Wednesday, April 11, 2012’s Founder Pleads Guilty to Drug Misbranding Charges

On Monday, Ryan Deluca pleaded guilty in federal court in Boise to five misdemeanor counts of introduction and delivery for introduction of misbranded drugs into interstate commerce, said U.S. Attorney Wendy J. Olson. He agreed to pay a $500,000 fine.
Prosecutors said they would not seek prison time. DeLuca’s lawyer said he will stay on as CEO of the company, most of which he sold in 2008.
The plea agreement says that while DeLuca was CEO between 2007 and 2009, the Meridian company sold five products as dietary supplements that the Food and Drug Administration classified as drugs. The supplements contained synthetic anabolic steroids or synthetic chemical clones of anabolic steroids, according to the plea agreement.
Anabolic steroids, technically known as anabolic-androgen steroids (AAS) or colloquially as “steroids” (or even “roids”), are drugs that mimic the effects of testosterone and dihydrotestosterone in the body. They increase protein synthesis within cells, which results in the buildup of cellular tissue (anabolism), especially in muscles. Anabolic steroids also have androgenic and virilizing properties, including the development and maintenance of masculine characteristics such as the growth of the vocal cords, testicles, and body hair (secondary sexual characteristics).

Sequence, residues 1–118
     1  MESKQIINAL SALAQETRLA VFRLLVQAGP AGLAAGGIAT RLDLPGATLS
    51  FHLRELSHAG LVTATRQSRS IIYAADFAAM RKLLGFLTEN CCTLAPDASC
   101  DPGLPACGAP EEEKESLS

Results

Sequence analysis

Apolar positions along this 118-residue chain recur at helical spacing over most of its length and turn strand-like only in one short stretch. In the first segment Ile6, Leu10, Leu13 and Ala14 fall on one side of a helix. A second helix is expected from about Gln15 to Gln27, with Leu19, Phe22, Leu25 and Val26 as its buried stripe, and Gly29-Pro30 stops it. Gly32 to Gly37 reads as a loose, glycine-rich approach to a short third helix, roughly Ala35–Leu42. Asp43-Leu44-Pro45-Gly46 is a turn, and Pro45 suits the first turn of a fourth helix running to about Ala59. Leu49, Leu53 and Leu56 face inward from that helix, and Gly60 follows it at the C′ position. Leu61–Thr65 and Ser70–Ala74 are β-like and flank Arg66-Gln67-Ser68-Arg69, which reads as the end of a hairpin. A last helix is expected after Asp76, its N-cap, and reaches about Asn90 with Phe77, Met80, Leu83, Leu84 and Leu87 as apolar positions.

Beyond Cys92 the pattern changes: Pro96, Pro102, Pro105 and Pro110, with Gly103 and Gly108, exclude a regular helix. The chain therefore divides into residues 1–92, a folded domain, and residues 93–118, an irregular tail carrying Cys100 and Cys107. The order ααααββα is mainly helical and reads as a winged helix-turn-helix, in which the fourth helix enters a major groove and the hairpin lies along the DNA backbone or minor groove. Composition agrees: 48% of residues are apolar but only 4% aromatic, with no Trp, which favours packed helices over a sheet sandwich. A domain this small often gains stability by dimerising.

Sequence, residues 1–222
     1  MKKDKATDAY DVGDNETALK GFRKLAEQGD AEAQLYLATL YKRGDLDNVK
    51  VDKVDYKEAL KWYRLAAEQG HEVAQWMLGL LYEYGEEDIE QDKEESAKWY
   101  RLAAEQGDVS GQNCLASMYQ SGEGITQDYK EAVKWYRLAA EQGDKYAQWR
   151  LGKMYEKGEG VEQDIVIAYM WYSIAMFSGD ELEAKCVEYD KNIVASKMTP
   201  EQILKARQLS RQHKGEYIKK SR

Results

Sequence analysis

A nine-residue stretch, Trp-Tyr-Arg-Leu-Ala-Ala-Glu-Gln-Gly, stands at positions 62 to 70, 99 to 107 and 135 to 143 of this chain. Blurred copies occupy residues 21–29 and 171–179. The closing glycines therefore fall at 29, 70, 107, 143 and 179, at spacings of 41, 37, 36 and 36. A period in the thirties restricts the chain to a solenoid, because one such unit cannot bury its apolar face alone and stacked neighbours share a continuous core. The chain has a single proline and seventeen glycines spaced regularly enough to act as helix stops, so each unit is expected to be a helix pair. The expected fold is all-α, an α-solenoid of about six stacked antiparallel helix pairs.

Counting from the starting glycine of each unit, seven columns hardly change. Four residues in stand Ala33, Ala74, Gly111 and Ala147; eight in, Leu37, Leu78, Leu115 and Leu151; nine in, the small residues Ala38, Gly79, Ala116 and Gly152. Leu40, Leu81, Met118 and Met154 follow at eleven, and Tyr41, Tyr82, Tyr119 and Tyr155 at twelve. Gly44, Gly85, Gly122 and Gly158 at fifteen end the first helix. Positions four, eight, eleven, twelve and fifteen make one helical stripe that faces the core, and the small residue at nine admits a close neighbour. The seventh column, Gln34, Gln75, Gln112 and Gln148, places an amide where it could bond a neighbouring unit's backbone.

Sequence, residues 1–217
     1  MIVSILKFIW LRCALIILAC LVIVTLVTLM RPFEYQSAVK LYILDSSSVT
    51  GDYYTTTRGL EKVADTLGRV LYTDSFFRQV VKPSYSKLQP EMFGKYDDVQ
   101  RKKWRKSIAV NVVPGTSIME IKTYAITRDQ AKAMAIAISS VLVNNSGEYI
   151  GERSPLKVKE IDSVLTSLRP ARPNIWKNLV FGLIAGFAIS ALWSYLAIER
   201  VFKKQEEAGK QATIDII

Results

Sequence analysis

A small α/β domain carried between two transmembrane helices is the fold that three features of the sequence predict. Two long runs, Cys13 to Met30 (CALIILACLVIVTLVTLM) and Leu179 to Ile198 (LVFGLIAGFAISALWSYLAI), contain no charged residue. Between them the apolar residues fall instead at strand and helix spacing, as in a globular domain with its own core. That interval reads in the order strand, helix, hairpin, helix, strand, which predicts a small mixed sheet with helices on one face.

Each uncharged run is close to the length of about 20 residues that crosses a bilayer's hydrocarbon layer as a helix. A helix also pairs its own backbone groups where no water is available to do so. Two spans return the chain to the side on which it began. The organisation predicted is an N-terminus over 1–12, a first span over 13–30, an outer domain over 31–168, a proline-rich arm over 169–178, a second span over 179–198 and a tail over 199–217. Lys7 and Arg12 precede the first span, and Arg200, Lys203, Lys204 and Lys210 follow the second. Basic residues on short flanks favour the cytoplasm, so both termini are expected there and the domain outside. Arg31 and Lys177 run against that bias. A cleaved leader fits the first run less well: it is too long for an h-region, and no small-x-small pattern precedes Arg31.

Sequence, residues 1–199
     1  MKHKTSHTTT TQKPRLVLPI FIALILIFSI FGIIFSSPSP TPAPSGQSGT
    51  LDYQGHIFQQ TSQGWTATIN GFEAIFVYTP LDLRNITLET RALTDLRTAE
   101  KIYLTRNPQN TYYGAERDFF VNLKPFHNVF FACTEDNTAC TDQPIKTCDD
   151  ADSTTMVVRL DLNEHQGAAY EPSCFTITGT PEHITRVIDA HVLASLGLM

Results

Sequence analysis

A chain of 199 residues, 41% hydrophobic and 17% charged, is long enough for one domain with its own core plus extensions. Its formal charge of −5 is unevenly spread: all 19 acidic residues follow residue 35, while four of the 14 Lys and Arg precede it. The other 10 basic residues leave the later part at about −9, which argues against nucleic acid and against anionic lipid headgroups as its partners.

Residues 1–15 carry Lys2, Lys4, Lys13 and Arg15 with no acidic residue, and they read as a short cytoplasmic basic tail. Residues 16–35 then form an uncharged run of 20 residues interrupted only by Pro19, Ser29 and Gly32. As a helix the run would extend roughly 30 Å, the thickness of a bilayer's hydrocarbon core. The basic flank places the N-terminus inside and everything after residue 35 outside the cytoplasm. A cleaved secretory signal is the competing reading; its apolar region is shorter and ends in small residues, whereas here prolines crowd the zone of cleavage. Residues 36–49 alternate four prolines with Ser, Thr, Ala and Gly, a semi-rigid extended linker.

Anabolic steroids were first isolated, identified, and synthesized in the 1930s, and are now used therapeutically in medicine to stimulate bone growth and appetite, induce male puberty, and treat chronic wasting conditions, such as cancer and AIDS. The American College of Sports Medicine acknowledges that AAS, in the presence of adequate diet, can contribute to increases in body weight, often as lean mass increases, and that the gains in muscular strength achieved through high-intensity exercise and proper diet can be additionally increased by the use of AAS in some individuals

The FDA has issued a public health advisory, warning consumers to stop using products that contain these substances. The agency said in 2009 that it had received reports that men between 22 and 55 who had used such products have suffered serious liver injury, stroke, kidney failure and pulmonary embolism.
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